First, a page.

Game Over Online ~ Burnout: Legends

GameOver Game Reviews - Burnout: Legends (c) Electronic Arts, Reviewed by - Jeff Haynes

Game & Publisher Burnout: Legends (c) Electronic Arts
System Requirements PSP
Overall Rating 87%
Date Published Monday, October 31st, 2005 at 05:18 PM

Divider Left By: Jeff Haynes Divider Right

The PSP is quickly becoming the house that racing titles built, with many of the handheld’s driving games consistently ranking at the best titles on the system. Console gamers have long enjoyed the Burnout series with its sense of speed, visual intensity for crashes and depth of play. So what happens when you take this critically acclaimed franchise and debut it on the portable? You have one of the fastest, deepest and most addictive games on the PSP to date. You may want to put on some racing gloves, because your hands are going to burn some rubber with Burnout: Legends.

Fans of the Burnout franchise will immediately pick up on how much the earlier titles in the series have influenced Legends’ gameplay. In particular, Legends takes much of its format from Burnout 3: Takedown in the way of visuals, gameplay modes and depth, although there are some features of the original and Burnout 2 that creep in here and there. For instance, the pursuit mode that was a lot of fun in Burnout 2 makes its return in Legends, and ratchets up the adrenaline you’ll feel racing through the courses in the game. For the most part, however, it meshes most of this in with the World Tour mode from Burnout 3 to present every single race type that you’ll experience in the game. The tour starts you with some locations initially available to you, and based on your success and the amount of time you put into the title, you’ll unlock more and more areas to go through.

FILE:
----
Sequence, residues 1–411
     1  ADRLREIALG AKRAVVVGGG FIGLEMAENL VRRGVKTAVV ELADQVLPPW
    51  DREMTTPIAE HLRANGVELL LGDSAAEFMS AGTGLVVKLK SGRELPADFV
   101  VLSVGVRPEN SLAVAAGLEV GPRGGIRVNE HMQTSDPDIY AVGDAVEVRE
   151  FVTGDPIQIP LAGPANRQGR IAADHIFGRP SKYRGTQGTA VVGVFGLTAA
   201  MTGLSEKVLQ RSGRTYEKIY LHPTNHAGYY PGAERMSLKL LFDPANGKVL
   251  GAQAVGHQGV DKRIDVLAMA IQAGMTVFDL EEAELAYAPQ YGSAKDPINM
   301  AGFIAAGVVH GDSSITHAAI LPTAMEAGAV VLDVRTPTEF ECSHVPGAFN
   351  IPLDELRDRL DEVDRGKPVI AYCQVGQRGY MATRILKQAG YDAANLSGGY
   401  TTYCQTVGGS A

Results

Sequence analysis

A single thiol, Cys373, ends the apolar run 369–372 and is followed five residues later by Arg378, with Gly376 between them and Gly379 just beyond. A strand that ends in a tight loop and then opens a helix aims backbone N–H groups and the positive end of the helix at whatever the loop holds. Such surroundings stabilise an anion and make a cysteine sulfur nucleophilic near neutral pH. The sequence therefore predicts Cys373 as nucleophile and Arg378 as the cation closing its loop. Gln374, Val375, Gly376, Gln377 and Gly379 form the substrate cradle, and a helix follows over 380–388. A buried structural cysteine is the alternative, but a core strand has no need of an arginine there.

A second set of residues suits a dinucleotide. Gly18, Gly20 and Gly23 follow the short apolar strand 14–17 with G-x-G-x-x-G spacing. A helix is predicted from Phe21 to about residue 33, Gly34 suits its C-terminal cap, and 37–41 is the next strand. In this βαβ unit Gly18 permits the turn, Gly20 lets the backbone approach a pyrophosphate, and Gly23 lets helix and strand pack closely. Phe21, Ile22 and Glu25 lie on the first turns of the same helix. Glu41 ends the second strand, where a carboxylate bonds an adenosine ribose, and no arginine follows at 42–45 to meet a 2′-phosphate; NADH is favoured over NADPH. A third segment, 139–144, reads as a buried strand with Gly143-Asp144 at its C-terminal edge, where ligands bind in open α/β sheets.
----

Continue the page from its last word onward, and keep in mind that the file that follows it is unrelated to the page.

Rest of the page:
Apart from the standard race mode that you’re accustomed to, many of the classics from Burnout 3 make their mark in Legends. You can take on your competition in a series of races in the Grand Prix. There’s both a time attack to beat the best lap time and its variation, the burning lap mode. The last car in every lap is removed from the track in the Eliminator. You can wreck as many cars as you can in Road Rage, or you can act as the law in the Pursuit mode. This race type places you in a police car where you have to destroy a targeted vehicle within a certain amount of time to succeed. There are also Face-off modes where the winner of the race wins the loser’s car. The same is true of the Legend Face-off, which is a good way to add extra machines to your garage.